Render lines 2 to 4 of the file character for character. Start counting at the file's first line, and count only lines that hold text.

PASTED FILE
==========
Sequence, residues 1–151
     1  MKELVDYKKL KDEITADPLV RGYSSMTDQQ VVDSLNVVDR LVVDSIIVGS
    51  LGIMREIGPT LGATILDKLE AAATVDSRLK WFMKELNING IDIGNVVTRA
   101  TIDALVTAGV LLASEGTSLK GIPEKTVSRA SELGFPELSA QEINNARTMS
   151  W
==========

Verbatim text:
     1  MKELVDYKKL KDEITADPLV RGYSSMTDQQ VVDSLNVVDR LVVDSIIVGS
    51  LGIMREIGPT LGATILDKLE AAATVDSRLK WFMKELNING IDIGNVVTRA
   101  TIDALVTAGV LLASEGTSLK GIPEKTVSRA SELGFPELSA QEINNARTMS